Hearing for Accusations Against Judge Kavanaugh Set for Monday


The Senate Judiciary Committee has announced a public hearing on Monday, September 24 on the allegations against President Trump’s Supreme Court nominee Brett Kavanaugh. Kavanaugh is accused of sexual assault by a woman who knew Kavanaugh when they were high school students in suburban Maryland in the 1980s.

The woman, Christine Blasey Ford, is a professor at Palo Alto University who teaches in a consortium with Stanford University. She trains graduate students in clinical psychology.

She claims one day in the summer of 1982, Kavanaugh and a friend, described by Ford as both being “stumbling drunk,” lured her into a bedroom during a get together of teenagers.

Ford was a sophomore at the all-girls Holton-Arms School in Bethesda at the time. Kavanaugh would have been a junior at his high school, Georgetown Prep. Ford says she knew Kavanaugh and the friend, a man by the name of Mark Judge, as “friendly acquaintances” in the private-school circles they both were a part of.

Ford says Kavanaugh pinned her to a bed on the night in question and got on top of her, attempting to pull off her clothes and grope her as Judge watched. When Ford attempted to scream, Kavanaugh put his hand over her mouth, she says.

“I thought he might inadvertently kill me,” Ford told The Washington Post. “He was trying to attack me and remove my clothing.”

Judge allegedly falling on top of the two and sending all three teenagers stumbling to the floor allowed Ford an opportunity to escape. She briefly locked herself in a bathroom before fleeing the house, she says.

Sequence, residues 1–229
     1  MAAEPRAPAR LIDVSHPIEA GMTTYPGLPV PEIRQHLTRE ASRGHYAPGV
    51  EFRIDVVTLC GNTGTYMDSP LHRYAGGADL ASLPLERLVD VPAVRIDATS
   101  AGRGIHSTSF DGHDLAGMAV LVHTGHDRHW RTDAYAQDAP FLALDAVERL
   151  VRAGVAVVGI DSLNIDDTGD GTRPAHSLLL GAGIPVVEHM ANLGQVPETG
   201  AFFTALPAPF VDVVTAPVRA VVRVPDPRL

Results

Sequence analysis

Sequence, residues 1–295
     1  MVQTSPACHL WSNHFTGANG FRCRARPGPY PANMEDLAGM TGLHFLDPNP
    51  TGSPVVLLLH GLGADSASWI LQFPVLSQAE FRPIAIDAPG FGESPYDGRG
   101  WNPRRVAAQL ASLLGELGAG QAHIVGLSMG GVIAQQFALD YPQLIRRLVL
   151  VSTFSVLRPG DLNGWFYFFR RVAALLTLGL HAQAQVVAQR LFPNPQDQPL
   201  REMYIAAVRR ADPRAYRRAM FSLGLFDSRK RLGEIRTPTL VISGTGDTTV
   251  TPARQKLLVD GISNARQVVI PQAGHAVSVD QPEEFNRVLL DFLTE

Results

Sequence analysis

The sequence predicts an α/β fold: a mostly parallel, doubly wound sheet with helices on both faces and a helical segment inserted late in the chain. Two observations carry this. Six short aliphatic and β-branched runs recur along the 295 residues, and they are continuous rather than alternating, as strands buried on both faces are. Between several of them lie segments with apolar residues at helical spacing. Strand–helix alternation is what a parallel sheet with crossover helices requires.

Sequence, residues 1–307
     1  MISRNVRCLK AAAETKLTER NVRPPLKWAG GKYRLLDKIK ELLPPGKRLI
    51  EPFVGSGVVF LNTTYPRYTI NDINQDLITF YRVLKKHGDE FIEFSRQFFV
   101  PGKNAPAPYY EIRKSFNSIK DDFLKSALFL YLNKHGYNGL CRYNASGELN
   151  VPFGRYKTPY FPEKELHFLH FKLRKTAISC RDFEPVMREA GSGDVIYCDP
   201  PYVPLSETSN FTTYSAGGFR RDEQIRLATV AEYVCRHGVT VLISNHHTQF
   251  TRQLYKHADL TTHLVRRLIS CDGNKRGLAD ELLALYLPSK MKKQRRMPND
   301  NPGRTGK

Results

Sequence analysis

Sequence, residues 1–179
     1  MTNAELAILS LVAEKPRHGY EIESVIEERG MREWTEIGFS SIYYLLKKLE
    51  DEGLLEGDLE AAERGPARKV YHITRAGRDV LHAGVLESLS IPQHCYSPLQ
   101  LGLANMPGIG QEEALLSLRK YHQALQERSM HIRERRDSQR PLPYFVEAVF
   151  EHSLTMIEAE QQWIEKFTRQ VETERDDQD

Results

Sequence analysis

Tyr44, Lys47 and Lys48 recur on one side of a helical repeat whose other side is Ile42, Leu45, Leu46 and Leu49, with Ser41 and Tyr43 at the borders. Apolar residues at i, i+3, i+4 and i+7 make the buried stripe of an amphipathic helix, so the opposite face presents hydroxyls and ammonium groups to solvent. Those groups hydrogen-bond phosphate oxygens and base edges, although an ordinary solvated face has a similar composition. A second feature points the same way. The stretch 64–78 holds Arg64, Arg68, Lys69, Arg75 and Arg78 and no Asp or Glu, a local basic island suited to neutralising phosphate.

Kavanaugh has denied the allegations. “On Friday, Judge Kavanaugh ‘categorically and unequivocally’ denied this allegation,” a statement released by the White House read. “This has not changed. Judge Kavanaugh and the White House both stand by that statement.”

Judge says he remembers no such incident taking place and voiced his continued support for Kavanaugh. “…I have no memory of the alleged incident,” Judge said in a statement through his attorney.

“Brett Kavanaugh and I were friends in high school but I do not recall the party described in Dr. Ford’s letter. More to the point, I never saw Brett act in the manner that Dr. Ford describes,” he continued.

Kavanaugh has said he will attend the hearing, which effectively delays a vote on his confirmation, which was originally scheduled for Thursday.

Ford has not agreed to testify and has called on the FBI to investigate her claims first. A statement released by her attorney says Ford does not believe a hearing with just her and Kavanaugh as witnesses qualifies as a “fair or good faith investigation.” But, she says, she is willing to cooperate with the committee.

Both Republicans and Democrats in the Senate agree an investigation should take place but differ on what one should look like. Democrats believe the FBI should lead the investigation while Republicans believe the Senate should handle it.

President Trump has maintained his support for Kavanaugh in light of the accusations but has signaled his want to see an investigation by the Senate take place.

Kavanaugh is one of the “great intellects and one of the finest people,” the president said this week but the Senate should be allowed “to go through a full process…If it takes a little delay, it’ll take a little delay,” he said.

Photo by the Office of the Vice President via Wikimedia Commons

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